When your workmates start passing you a comb and offering to take you shopping, most people would get the hint and smarten up their act.
Not Ash Chambers. Comfort was the most important factor in his dress code. And wasn’t black trousers, black T-shirt and shoes smart enough? It all matched, so he couldn’t see the need to change a thing.
But the 40-year-old from Foxhill was in for a surprise; after years of trying to gently coax him, colleagues at Mercury Taxis decided to force him to change his scruffy ways - by nominating him for a Smarten Up The Boss makeover in Business Monthly.
Ash was nominated by Claire Thompson, Mercury’s marketing assistant: “Ash is one of our managers, He covers the evening hours at our head office in Crookes,” wrote Claire. “His main role is to support staff in the call centre but he helps customers calling into the office and can be called upon to fix a driver’s car radio or jumping in a cab to cover a booking.
“He does have to come to the office dressed accordingly. But he is a self-confessed man of minimal effort who looks no different whether he’s at work or on a night out. In fact, there have been times when members of staff have been heard offering Ash a comb to run through his hair half way through a shift!
I’d love to see Ash dressed to impress and ready to brighten up the office. He’s such a lovely guy. After a pointer in the right direction to Fashion Sense Avenue, he could be on Dress to Impress Road.”
We put two experts in the driving seat - personal shopper Laura Stephenson at House of Fraser in Meadowhall, and Lindsey Liversidge, style director at the Regis International hair salon at High Street, Meadowhall.
Lindsey decided Ash’s unkempt style looked plain and messy but discovered he had issues - namely a double crown, a nape whirl and poker-straight hair. I had to work with them all and keep the fringe he was reluctant to part with, but used clippers and texturising techniques to create a style that reflects the fashionable retro look, finishing with Sebastian texturising clay. It’s a style he will be able to manage himself.”
At House of Fraser, Laura handed him a £100 voucher to spend and gently lured the conservative dresser out of his comfort zone. “He clearly liked to blend in with the crowd and had an aversion to anything but black,” she said. “I thought a smart suit or bright colours would be too dramatic but thought the English country gent look that is so strong this autumn would suit him. It’s sophisticated but still casual and is made up of pieces that can be worn separately. I worked an outfit around a Howick tweed jacket and he looked much more confident - really dapper in a Downton Abbey way!”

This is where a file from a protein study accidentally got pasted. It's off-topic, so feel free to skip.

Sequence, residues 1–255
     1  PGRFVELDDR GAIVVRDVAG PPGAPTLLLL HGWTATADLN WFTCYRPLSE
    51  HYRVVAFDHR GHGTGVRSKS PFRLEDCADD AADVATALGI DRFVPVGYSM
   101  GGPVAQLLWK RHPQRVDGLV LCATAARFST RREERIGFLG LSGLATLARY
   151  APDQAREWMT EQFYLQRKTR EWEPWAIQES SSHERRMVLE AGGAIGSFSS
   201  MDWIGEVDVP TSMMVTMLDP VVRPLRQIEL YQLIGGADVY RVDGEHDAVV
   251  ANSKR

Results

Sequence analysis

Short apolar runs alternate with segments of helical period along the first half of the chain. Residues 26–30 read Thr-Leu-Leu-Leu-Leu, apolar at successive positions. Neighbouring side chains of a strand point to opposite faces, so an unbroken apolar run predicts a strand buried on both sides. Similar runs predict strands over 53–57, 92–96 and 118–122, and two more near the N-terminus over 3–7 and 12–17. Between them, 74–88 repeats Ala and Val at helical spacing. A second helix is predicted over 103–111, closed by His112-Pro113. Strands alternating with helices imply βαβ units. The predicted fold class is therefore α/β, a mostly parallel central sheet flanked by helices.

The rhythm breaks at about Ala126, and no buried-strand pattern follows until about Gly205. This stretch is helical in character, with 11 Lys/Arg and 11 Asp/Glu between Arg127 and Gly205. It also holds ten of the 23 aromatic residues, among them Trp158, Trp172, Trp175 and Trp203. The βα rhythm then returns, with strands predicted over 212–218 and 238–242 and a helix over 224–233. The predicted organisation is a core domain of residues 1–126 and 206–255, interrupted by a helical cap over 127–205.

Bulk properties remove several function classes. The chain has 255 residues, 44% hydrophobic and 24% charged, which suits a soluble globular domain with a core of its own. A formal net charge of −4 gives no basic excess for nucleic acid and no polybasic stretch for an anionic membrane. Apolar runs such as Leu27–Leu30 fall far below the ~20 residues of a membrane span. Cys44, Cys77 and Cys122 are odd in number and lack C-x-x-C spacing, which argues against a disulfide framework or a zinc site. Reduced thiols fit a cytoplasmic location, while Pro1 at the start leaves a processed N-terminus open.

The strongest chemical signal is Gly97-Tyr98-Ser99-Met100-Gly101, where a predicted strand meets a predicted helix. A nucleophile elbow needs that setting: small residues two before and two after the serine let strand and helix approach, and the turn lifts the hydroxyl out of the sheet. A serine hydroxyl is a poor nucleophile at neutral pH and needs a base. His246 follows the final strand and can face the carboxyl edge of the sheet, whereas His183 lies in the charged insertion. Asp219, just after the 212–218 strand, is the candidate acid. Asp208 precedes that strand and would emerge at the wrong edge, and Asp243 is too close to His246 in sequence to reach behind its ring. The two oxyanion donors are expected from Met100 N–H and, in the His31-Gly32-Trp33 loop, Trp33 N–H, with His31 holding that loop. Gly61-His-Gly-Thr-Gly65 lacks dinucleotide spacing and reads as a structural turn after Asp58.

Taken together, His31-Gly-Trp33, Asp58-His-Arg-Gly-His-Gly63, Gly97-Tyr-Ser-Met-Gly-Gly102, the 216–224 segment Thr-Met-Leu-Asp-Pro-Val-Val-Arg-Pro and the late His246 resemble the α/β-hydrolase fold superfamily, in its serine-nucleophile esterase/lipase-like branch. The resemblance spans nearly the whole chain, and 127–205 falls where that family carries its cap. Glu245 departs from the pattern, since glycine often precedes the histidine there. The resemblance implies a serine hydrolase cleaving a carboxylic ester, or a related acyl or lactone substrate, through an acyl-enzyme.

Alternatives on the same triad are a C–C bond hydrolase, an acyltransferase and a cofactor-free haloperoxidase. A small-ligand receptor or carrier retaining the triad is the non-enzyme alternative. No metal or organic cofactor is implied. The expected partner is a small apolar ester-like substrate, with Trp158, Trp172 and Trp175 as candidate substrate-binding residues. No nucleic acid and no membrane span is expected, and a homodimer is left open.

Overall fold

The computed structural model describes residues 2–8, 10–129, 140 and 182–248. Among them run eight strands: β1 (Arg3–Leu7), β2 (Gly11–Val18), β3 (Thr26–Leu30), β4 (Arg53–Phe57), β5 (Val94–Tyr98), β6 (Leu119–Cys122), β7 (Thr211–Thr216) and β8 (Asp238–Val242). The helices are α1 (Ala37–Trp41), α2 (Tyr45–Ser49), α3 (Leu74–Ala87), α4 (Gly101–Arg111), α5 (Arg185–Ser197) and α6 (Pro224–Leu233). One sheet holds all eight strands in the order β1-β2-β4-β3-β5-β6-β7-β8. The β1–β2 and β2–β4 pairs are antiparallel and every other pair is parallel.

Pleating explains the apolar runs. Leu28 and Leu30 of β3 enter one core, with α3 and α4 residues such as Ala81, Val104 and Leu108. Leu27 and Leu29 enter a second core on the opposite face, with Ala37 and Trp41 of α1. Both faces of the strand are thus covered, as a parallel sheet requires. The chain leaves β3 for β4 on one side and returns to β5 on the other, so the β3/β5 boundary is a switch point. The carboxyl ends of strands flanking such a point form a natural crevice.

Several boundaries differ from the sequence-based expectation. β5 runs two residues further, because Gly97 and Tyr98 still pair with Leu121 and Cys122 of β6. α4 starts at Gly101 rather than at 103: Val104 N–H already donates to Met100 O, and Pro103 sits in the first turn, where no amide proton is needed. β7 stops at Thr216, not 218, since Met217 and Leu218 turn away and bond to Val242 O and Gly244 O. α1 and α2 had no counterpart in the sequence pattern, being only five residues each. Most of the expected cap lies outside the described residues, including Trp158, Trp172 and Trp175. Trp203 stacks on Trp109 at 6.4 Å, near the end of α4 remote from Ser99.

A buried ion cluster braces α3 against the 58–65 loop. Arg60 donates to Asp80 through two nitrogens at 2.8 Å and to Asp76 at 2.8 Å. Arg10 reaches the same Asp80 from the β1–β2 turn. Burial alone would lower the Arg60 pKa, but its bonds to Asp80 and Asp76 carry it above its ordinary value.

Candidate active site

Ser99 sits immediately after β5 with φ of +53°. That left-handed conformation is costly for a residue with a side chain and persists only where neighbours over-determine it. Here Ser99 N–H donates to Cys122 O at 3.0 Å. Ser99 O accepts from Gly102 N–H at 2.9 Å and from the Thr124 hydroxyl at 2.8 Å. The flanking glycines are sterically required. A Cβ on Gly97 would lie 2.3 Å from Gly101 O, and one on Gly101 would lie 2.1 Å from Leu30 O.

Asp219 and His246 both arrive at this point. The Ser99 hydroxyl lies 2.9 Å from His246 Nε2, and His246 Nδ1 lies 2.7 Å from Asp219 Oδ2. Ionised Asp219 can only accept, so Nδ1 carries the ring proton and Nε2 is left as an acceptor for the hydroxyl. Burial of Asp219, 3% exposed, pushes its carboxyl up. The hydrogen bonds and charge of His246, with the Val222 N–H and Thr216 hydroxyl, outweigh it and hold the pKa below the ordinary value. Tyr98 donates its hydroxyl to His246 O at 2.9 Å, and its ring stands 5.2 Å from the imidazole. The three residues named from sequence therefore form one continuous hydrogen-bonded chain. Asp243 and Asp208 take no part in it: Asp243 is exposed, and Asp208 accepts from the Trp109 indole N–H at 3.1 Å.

Ash admitted: “I felt nervous when a personal shopper was mentioned. I didn’t even know there was such a thing. The nearest I’ve ever got to one is when the girls at work offer to take me shopping to smarten me up - which I always decline. But what a revelation. It’s a great way to shop. An expert does all the hard work for you.”
“We spoke on the phone so Laura could work out my personality and attitude to fashion and when I got to her studio, there was a rail of clothes waiting. None of the items were things I would have picked. It was alien territory. A tweed jacket? No. Spotted shirt? Definitely not. There was even a bow tie. I’ve only ever worn one with a dinner suit.
“But Laura showed me how to put things together and once I’d tried things on I changed my mind. I would definitely wear the outfit.
“The experience has changed my perception about personal shoppers. If you’re like me and don’t pay attention to trends or really bother about how you look, they are brilliant.”
Fashionista Gok Wan’s dramatic approach to styling isn’t right for everyone.
“People expect personal shoppers to be as forceful as TV presenter Gok and think that a styling session will leave them looking completely different,” says House of Fraser stylist Laura Stephenson.
“Most find that a scary proposition. I work hard to make them feel comfortable enough to trust my judgement as I take them out of their comfort zone to try new things.”
Most customers are men and women reaching middle age, who want to find the styles that will keep them looking youthful, and new mothers coming to terms with changes to their figure, says Laura.
“We are trained to assess a client’s colouring, shape, good and not so good points and often see them in a much more positive way then they see themselves. After a detailed consultation, I hit the shop floor on their behalf, then a trying-on session follows. Appointments can last up to three hours and are free, with no minimum spend.”